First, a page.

Of wigs and words

I ran across a very useful and interesting phrase in Spanish today — interesting because there are actually various versions of it. It is: “ni calvo ni con dos pelucas,” which literally means “either bald or with two wigs,” although I’ve seen it with varying numbers of wigs, at least up to seven. (Another fun fact: Unlike English cats, which have nine lives, Spanish cats only have seven.)

But the meaning of the phrase is simply that neither extreme — having too little or having too much — is good, and you should aim for the middle. And now that you know the word for wig, peluca, you might be able to recognize another word you may see on businesses: peluquería, which is derived from it; the c to q change is very common in Spanish. And no, this word does not mean wig-maker. It means hairdresser or barber shop.

The word for bald, calvo, might remind you of another Spanish word you may have seen: calavera, which means skull, or calvario, which refers to Calvary, the Latin word for the hill Jesus was crucified on and which was known as Golgotha, or Gólgota in Spanish, from the Greek word Γολγοθᾶ. This gets really interesting, because that word came from Aramaic, Gûlgaltâ (obviously not in the original characters) and wound up also being translated into Greek as Κρανίου Τόπος.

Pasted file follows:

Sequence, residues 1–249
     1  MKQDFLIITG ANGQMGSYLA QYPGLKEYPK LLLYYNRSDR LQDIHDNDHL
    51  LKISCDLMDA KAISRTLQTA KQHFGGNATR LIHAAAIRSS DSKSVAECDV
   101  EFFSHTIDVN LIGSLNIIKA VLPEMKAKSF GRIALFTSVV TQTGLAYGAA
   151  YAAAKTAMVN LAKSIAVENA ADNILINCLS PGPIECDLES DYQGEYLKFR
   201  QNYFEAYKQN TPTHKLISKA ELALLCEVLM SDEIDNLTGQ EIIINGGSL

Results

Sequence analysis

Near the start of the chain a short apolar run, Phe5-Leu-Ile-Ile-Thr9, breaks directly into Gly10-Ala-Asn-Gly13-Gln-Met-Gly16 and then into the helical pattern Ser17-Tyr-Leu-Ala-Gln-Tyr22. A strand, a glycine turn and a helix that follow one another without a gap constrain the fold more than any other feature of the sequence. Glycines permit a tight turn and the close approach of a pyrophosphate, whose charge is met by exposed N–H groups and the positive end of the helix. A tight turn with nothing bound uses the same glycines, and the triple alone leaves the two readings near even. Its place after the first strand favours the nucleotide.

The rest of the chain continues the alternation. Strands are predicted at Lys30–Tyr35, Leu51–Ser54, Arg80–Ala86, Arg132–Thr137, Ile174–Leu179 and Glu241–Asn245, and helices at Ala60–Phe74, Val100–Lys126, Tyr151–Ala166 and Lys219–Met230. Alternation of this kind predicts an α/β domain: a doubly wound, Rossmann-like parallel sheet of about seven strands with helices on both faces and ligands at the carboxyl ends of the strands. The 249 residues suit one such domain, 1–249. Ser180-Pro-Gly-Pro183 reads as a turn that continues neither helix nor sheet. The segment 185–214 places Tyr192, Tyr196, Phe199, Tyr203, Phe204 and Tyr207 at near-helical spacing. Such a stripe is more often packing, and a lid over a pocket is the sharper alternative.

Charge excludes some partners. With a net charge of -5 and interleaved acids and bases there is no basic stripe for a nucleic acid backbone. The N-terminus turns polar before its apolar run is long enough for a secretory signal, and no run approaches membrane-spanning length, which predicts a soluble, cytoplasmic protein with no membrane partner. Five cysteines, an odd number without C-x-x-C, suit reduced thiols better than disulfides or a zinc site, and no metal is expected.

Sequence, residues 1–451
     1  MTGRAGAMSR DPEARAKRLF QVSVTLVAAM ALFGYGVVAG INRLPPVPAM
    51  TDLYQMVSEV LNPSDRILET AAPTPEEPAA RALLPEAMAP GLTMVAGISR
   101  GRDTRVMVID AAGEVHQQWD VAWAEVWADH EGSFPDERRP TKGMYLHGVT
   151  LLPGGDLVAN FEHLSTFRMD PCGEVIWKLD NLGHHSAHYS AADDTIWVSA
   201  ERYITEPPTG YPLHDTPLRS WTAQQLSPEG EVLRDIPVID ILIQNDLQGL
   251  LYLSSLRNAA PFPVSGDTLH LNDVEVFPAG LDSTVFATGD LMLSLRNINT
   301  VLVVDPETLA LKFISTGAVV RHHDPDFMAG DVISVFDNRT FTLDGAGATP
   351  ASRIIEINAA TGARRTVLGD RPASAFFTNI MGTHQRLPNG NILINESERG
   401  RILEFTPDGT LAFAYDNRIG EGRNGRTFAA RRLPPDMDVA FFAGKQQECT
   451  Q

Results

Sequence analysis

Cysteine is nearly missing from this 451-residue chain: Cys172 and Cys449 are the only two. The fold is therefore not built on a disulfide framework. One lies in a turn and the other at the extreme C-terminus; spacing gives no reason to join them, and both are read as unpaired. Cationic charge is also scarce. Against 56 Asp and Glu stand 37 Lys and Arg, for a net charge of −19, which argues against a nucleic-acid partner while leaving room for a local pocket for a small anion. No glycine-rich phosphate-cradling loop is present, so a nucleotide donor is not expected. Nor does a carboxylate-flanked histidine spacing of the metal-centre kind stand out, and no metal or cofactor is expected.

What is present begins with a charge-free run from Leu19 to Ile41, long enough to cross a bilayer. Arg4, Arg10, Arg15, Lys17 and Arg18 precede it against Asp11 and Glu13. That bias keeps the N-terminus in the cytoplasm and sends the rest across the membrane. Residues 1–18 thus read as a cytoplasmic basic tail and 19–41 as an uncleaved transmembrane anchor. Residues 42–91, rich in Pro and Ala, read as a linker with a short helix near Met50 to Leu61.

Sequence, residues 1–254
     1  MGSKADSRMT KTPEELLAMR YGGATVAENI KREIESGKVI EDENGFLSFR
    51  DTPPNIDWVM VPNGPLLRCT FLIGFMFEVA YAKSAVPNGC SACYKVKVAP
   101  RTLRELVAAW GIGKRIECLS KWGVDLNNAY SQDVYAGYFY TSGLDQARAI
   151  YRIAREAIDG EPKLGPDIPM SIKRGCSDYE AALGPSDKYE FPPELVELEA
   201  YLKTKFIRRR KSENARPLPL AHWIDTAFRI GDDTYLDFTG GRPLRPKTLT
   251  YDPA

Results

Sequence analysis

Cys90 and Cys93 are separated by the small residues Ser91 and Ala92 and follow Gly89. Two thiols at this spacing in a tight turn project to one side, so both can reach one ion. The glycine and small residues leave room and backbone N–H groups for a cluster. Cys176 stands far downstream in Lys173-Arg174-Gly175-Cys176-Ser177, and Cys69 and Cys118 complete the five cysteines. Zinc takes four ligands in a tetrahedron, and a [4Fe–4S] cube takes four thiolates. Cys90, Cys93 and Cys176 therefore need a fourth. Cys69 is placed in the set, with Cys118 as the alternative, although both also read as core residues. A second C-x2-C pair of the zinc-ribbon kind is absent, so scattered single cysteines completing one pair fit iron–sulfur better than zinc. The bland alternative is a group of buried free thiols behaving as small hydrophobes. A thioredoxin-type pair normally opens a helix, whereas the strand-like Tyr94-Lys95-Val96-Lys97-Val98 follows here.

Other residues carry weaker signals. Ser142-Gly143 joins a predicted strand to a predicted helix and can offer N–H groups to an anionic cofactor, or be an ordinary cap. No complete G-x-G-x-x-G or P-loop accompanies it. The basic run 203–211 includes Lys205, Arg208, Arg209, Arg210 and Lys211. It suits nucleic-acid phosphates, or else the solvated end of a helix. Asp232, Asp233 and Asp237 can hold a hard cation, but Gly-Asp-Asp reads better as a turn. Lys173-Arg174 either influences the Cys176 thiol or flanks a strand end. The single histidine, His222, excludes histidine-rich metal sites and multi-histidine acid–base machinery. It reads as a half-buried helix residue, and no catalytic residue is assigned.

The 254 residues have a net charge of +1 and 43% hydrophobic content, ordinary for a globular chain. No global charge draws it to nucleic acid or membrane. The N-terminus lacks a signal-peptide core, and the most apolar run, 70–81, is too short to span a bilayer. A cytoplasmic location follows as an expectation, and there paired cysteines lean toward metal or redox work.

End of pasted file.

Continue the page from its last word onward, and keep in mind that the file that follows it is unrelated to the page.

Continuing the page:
Now if you transliterate that Greek into the Latin alphabet, it might be more obvious: Kraniou topos. “Cranium” is pretty clear in the first word, and topos means place — hence the word “topography,” or writing about places. All of the words above refer to “Place of the Skull” and, apparently, that hill sort of resembled one.

In case you’re wondering, yep. The name “Calvin” comes from the same roots and originally meant “Little Bald One.” Same goes for the author Italo Calvino, whose name rather unfortunately meant “Little Bald One from Italy.” Ironically, he never really went all that bald. But we can now see that using somewhat negative terms to refer to people losing their hair goes back quite a long time in human history.

Finally, here’s a nice twist on it showing how strong the influence of Latin has been on most Western European Languages. The German word for bald is kahl, and you’ll find similar-sounding words for it in a lot of other European languages. Interestingly, even a language as unrelated as Finnish has “kalju,” which is clearly related. The common thread seems to be the hard “K” and the “L” ending. Play around with that long enough, and “skull” just pours itself right out of the sounds.